1. Yeah - I've seen that one pop up recently, and I don't know what things were like in 2008 but it ain't the case now. The thing about the tribal fusion posture? That's ATS posture, not fusion!

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    1. Exactly. Good posture is really important, but ATS isn't the only good posture.

      I do think that we still have SOME of the same problems now that were a problem in 2008. I've seen a lot of bad, clueless dance performed under the description "tribal fusion" but then again, I've also seen some really bad, clueless dance performed under just about every label.

      I think one of the problems in tribal fusion has been that baby dancers see someone like Mardi or Rachel perform with low, close arms, and on them it looks GREAT because they still have energy in their arms and they know how to move their bodies properly within that tight frame (and when to leave that tight frame for something wider), and without the proper training, a newbie just looks like they have chicken wings when they try to emulate their idols. But the answer to that problem isn't "study ATS" it's "practice whatever you're doing with strong arms."

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  2. Do you mean Asharah's article? There's a difference between tribal fusion and bellydance fusion, and I'd say that it's legitimate to say that if you want to call it "tribal", you should have ATS or another tribal style in your background. It's fascinating to follow the evolution of dance, and often new styles aren't named or defined until they've been around a while. It's helpful to have names and definitions so that we can discuss and compare them, and someone, preferably experienced dancers/dance studies specialists, needs to create those names and definitions. But a dance doesn't need to be called a certain name in order to be high quality, so why is everyone dying to be called tribal?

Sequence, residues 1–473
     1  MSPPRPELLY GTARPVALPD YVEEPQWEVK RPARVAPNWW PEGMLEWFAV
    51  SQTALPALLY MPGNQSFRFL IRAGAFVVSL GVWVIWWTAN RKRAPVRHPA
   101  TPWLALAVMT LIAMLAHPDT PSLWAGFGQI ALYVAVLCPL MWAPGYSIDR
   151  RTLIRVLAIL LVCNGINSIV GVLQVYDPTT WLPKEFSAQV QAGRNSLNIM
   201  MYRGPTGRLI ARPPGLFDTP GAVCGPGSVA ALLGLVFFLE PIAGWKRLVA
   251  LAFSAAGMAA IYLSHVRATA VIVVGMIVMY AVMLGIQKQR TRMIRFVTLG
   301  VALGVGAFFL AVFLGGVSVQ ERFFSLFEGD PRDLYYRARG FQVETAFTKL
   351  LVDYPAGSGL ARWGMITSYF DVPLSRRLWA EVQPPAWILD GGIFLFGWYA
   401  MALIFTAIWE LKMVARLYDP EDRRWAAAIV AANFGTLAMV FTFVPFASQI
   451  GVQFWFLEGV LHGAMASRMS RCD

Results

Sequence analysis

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    1. That is the article I'm talking about :) I don't disagree with the idea that if you want to perform Tribal Fusion you need to have an ATS background. I think if you want to perform Tribal Fusion, you should study with a qualified Tribal Fusion instructor.

      Even if we assume that since this article was written 5 years ago when people were still sometimes using ATS as a catch-all term covering ATS, ITS and SGI as opposed to specifically meaning FCBD style group improv, I just don't feel that you need that particular foundation to dance tribal fusion. ATS-type dances teach cues, combinations and formations that you just don't need as a tribal fusion soloist, while not teaching you thinks that you could use, such as good traveling moves to cover a lot of ground on your own, layers, locks, etc.